The Hood Canal Bridge in a breeze. Photo attribution: Chimacum Joy on flickr.com
The Hood Canal Bridge hasn’t always floated. Eighteen years after it had been launched, it sank in a storm. Sustained winds of 85 mph scoured the Hood Canal. Gusts of 120 mph buffeted the bridge. Pontoons lost their anchorhold and drifted free. Hatches were blown open, pontoons filled with water and sank. The western half of the bridge to the drawspan foundered. It was three years before the damage was repaired. And it’s not the only time a local bridge has sank.
The lifespan of a bridge floating in salt water is longer than that of a Portuguese water dog but less than a Galapagos tortoise. Fewer than thirty years after its resurrection, the bridge builders began building its replacement. In those intervening years the population of Puget Sound has blossomed like pond scum and the industrial waterfront succumbed to gentrification. There was no place near Seattle to build the massive pontoons. Instead, Port Angeles was chosen.
Port Angeles was much further from the Hood Canal than Seattle but had the advantage of poverty. Since the timber industry and commercial fishing had shriveled, there was plenty of waterfront property available in Port Angeles and a desperate desire to utilize it. The people of Port Angeles saw the construction as their bridge to prosperity. But when the construction equipment began clearing away the industrial remnants of the timber industry from the shore of Ediz Hook, they began unearthing bones. Human bones. A lot of them.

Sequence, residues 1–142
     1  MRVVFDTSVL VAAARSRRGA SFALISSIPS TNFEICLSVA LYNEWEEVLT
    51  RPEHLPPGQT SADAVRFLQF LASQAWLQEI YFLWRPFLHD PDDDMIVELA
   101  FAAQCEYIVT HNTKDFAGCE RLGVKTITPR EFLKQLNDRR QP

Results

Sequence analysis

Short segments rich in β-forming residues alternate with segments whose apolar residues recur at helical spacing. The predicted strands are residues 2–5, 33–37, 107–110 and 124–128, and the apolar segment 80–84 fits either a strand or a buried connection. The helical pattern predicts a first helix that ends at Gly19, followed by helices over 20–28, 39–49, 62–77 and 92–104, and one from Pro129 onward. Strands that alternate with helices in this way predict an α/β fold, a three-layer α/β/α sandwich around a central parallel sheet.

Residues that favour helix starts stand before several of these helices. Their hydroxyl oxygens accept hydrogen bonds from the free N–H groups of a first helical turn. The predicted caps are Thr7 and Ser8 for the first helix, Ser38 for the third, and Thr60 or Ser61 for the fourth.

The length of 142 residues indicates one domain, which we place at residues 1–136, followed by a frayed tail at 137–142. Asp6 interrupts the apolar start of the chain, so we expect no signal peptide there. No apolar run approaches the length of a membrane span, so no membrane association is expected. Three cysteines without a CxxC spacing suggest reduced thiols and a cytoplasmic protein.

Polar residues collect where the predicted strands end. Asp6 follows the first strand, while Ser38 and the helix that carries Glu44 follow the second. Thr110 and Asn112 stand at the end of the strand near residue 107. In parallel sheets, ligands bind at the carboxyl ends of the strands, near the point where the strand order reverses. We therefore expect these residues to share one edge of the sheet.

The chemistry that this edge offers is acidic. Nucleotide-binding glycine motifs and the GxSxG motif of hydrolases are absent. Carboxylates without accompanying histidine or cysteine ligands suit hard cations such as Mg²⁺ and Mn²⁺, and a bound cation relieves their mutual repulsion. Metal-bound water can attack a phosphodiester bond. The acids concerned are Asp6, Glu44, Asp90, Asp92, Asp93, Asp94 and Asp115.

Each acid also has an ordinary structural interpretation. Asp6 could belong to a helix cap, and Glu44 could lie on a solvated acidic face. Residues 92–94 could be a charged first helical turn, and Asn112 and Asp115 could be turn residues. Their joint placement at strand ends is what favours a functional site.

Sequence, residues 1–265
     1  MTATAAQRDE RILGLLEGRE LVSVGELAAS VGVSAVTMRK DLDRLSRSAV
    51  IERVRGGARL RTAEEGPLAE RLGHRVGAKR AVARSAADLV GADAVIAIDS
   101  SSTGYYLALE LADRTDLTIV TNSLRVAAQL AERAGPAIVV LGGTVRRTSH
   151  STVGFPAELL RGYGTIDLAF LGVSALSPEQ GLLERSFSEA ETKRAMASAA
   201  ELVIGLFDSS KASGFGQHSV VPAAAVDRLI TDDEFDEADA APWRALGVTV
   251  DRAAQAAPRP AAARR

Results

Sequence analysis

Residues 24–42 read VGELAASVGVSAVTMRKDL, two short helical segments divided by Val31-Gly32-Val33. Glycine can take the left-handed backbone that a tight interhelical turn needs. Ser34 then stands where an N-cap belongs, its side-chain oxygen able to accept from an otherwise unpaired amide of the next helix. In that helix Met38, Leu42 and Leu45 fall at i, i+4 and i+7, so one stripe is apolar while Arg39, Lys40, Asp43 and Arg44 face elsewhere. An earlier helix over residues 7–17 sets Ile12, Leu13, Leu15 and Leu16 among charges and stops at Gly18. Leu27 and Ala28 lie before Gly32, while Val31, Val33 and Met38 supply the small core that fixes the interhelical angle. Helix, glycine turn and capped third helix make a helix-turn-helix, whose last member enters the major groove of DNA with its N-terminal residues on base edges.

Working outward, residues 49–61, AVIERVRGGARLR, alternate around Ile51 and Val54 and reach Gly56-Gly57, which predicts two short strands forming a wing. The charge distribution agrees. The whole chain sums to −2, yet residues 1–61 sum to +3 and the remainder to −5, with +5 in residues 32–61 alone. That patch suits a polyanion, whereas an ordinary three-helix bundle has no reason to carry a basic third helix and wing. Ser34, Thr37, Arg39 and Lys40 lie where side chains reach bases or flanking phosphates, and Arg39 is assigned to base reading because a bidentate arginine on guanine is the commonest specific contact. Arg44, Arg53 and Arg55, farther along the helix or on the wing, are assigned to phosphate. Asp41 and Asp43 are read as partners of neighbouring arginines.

Village of the Dead
It was Tse-whit-zen, the ancestral village of the Klallam people occupying the Lower Elwha River. The Klallam had lived on Ediz Hook for generations prior to first contact with Spanish explorers in the 1770s. Then they began to die from smallpox, influenza and measles. They had no immunity, no protection. Entire villages of First Peoples were decimated throughout the Pacific Northwest. In some places there was no one left alive to bury the dead. There may have been 3,200 Klallam before 1770; by 1880 there were 485.
The ruins of Tse-whit-zen. Photo attribution: nwpainter on flickr.com
At Tse-whit-zen, the dead were stacked like cordwood. They embraced one another, husband and wife, mother and child. Among the dead was a mother with an unborn child in her womb. There was no ceremony in their burial. They were hurried into the ground by the few who remained alive but those few may have taken revenge upon the shaman and medicine men who failed them. Skeletons were found beheaded, buried face down, their hands covering their face.
The Washington State Department of Transportation finally abandoned the site have disinterring 335 intact skeletons. The construction equipment fell silent, the workers left, and the dead reclaimed their land. The bridge was built in Tacoma.
A Mythical Bridge
The bridge spans more than the Hood fjord. It’s footed in time as well as space. It guards the western approach to a land that is itself mythical, a land form by the c
ollision of the sea and the shore where mountains rise like stone waves, forests are entangled in cloud, and people hunt whales with clam shells.